A lush green park reaching over the Eisenhower Expressway. Bus rapid transit connections. Economic invigoration for the North Lawndale neighborhood. Those are some of the visions outlined in the University of Illinois Chicago's proposal for the Barack Obama Presidential Library, made public Monday. AECOM, Isaiah International and Morphosis consulted on the proposal, which splits its ambitious plans for the nation's 14th presidential library across two sites: a vacant 23-acre city-owned site in North Lawndale and an institute on UIC's Near West Side campus. The Lawndale plot is bound by Roosevelt Road and Kostner, Kildare, and Fifth avenues. Among the benefits the authors say their proposal will bring to the community—predominantly Black, with nearly half of residents below the poverty line—are a linear park and bikeway, as well as commercial development in the surrounding area. UIC's 85-page proposal invokes a history of progressive politics and urban planning in Chicago, from Daniel Burnham and Jane Addams to Walter Netsch and the Rev. Martin Luther King Jr. The plan calls for establishing a social service center named the O-4 Institute (the O's stand for “one world, opportunity, optimism and outreach) on UIC's existing campus, which would serve as a hub for academic research, fellowships and activities for university students and community members alike. In a video outlining the proposal, UIC positions its plan as a continuation of Obama's social service, which began when he worked as a community organizer on Chicago's South Side. “UIC offers an expansive plan that prioritizes social and economic equity. This is a rare and extraordinary opportunity: a presidential library and museum reimagined, to not only celebrate history but to make it; to preserve Barack Obama’s legacy and expand it,” reads text accompanying the proposal video. UIC's proposal is up against plans from Columbia University and Hawaii University. Closer to home it's competing with the University of Chicago. UIC's hometown rival, where Obama taught law, submitted plans for three possible sites in and around South Side parks. You can download the full proposal here.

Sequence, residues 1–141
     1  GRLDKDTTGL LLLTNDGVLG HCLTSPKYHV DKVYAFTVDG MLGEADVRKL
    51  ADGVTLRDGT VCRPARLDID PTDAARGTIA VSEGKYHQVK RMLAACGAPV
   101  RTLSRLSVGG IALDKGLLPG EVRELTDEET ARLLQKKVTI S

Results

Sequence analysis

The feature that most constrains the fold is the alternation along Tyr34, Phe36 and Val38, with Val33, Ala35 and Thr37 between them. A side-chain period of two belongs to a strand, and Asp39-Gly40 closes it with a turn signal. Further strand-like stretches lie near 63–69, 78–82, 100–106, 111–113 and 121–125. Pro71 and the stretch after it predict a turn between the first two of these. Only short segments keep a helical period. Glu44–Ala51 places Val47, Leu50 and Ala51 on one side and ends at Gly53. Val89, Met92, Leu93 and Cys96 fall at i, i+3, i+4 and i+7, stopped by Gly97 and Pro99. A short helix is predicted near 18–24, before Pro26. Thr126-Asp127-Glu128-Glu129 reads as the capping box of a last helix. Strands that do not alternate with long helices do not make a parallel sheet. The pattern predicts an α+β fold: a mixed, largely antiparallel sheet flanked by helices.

As several Chicago sites—as well as institutions in New York City and Hawaii—vie to host Barack Obama's Presidential Library, the Chicago Architectural Club is “calling for speculative proposals” to consider the design impacts of the nation's 14th presidential library. Submissions are due January 10, one month after official contenders for the library have to submit their proposals to The Barack Obama Foundation. Winners will be announced February 3 at the Chicago Architecture Foundation, 224 South Michigan Avenue. First prize nets $1,500, while second takes $1,000 and third gets $750. The Architectural Club and CAF will exhibit the winning projects on their websites. Jurors for the award include Andy Metter (Epstein), Brian Lee (SOM), Dan Wheeler (Wheeler Kearns Architects), Elva Rubio (Gensler), Geoffrey Goldberg, (G. Goldberg + Associates) and John Ronan (John Ronan Architects). More information on submission protocol is available on the Chicago Architectural Club's website AN's editorial page has called for the library to catalyze the development of public space wherever it ends up, and the speculative designs offered by the Club's annual Chicago Prize are sure to spur good conversation on that topic. The competition literature identifies the site as the rail yard at the southwest corner of the Chicago River confluence—a site already devoted to Goettsch Partners' River Point development, currently under construction. In library news more likely to materialize as built work, the University of Chicago is mulling Jackson Park as a potential site. The Hyde Park university where Obama taught law is also reportedly considering an empty lot at Garfield Boulevard and Martin Luther King Drive, the South Shore Cultural Center, and an area of Jackson Park across from Hyde Park Academy High School at Cornell Avenue and Hayes Drive, according to DNAinfo Chicago.
And then there were four. The committee in charge of picking a site for President Barack Obama’s presidential library and museum narrowed the playing field to four illustrious institutions of higher learning, with two in Chicago. The University of Chicago, University of Illinois at Chicago, Columbia University, and the University of Hawaii have until December 11 to submit their bids, just in time to kick back and sip some eggnog while the president gears up for his last two years in office.
Obama library round-up: Woodlawn, Lakeside, Bronzeville and more vying for nation’s 14th presidential library